Dark horse council candidate reacts to Daines’ endorsement

Logan City Council candidate Keegan Garrity (third from left) shares a laugh with supporters (from left) state Sen. Chris Wilson, Cache County Executive David Zook and Cache County Council Member Paul Borup.

LOGAN – While Mayor Holly Daines is defending her endorsement of incumbent city council candidates Amy Z. Anderson and Ernesto López as business as usual, dark horse candidate Keegan Garrity acknowledges that the mayor’s statement lengthens the odds against him in the upcoming municipal election.

“With multiple members of the (city) council and the mayor joining forces to influence the outcome of this election,” Garrity explains, “I certainty feel like David going up against Goliath.

“That’s no easy task, but the overwhelming support that I’ve received throughout my campaign is keeping me going.

“(Daines’ endorsement) also serves as an indicator that not all perspectives are being represented by the current (city) administration.”

Daines endorsed Anderson and López in a Facebook post dated Oct. 4 and simultaneously invited city residents to a meet and greet event for those candidates Thursday at her home in the Cliffside neighborhood.

The mayor says that endorsing candidates is a time honored political tradition in elections ranging from national to local levels. She also points out that Garrity has garnered public support from state Rep. Dan Johnson (R-District 4), Cache County Executive David Zook and “other current and former elected officials.”

But Cache County clerk Jess Bradfield – a former member of the Logan City Council — explains that incumbent mayors had previously maintained neutrality in city council campaigns in order to avoid the possibility of strained relationships with successful challengers for at-large seats on the municipal panel.

Daines sees no ethical issues, however, with throwing her support to Amy Anderson and López.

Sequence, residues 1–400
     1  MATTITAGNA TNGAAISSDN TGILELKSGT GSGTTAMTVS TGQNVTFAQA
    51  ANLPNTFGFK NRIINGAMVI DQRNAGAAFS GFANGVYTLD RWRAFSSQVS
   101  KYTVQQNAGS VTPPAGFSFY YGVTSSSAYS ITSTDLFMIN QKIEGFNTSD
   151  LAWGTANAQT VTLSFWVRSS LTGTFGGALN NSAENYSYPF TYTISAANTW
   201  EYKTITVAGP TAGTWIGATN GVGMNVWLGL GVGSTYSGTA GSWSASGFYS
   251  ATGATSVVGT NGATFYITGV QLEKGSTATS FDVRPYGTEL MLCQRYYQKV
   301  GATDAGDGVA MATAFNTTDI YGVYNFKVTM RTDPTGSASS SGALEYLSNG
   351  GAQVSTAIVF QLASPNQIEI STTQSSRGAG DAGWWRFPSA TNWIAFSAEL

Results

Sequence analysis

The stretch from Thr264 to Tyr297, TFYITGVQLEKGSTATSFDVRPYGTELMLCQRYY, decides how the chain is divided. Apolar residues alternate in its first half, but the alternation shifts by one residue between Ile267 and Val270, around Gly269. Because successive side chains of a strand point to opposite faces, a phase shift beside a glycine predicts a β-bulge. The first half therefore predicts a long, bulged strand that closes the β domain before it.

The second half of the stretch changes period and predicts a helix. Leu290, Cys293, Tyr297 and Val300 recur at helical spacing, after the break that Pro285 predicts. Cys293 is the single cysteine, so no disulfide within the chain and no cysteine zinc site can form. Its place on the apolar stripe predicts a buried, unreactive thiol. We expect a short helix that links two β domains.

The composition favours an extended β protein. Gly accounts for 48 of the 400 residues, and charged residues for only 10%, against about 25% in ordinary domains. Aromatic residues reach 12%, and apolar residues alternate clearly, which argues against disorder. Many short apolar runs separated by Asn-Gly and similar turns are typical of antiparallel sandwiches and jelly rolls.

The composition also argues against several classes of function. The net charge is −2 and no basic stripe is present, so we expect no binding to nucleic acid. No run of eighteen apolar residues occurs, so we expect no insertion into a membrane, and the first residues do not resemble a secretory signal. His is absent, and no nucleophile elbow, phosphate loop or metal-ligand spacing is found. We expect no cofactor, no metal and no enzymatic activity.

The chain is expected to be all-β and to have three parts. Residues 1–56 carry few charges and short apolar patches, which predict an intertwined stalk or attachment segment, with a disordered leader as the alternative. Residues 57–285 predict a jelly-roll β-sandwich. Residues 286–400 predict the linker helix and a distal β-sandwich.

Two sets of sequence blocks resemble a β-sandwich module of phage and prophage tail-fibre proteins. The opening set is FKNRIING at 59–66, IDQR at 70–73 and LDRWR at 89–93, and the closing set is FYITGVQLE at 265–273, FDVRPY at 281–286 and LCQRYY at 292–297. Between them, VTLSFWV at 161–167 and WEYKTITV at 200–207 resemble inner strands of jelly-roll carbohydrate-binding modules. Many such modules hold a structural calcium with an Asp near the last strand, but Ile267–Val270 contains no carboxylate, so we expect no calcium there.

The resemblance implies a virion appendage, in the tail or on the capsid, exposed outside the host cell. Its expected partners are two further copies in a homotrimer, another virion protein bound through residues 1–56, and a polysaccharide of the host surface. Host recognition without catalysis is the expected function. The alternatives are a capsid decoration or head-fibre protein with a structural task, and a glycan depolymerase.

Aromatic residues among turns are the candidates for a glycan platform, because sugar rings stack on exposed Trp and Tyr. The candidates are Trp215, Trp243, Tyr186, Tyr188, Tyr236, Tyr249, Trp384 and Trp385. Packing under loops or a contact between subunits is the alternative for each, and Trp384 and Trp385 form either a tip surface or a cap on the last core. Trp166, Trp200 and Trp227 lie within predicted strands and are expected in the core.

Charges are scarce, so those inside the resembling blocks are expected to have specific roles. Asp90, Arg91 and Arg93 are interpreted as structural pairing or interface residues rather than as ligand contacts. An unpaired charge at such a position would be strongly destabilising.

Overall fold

“I have a mailer going out soon with an endorsement from Mark Anderson, the chair of the City Council,” she explains. “In my first run for mayor four years ago, I had endorsements from former Mayor Randy Watts and former council member Dean Quayle.

I have a good working relationship with all of the city council members and that will be important to getting things done if the voters choose me for a second term,” Daines admits. “That’s why I support Amy and Ernesto for reelection.”

Garrity acknowledges that he has a history of crossing swords with city officials and council members, most recently over the issue of district representation replacing at-large membership on the municipal panel.

“My intent has always been to promote a marketplace of ideas, encourage healthy debate and ensure that all voices are heard from across the city,” he explains. “I recognize that sharing these perspectives has sometimes resulted in disagreements.

“It would probably be easier to keep the peace – and maybe even earn myself an endorsement — by being agreeable. While that might be what’s best for my own self-interest, I don’t think it would be best for the long-term interests of the city or its residents.”

Amy Anderson was elected to the city council in 2017, emerging successfully from a crowded field of 10 candidates.

López joined the Logan City Council in October 2020, after being selected to serve out the unexpired term of former council member Bradfield.

Garrity is a community activist whose public service experience includes co-chairing the Woodruff council and representing that neighborhood on the city’s ad hoc Voter District Subcommittee.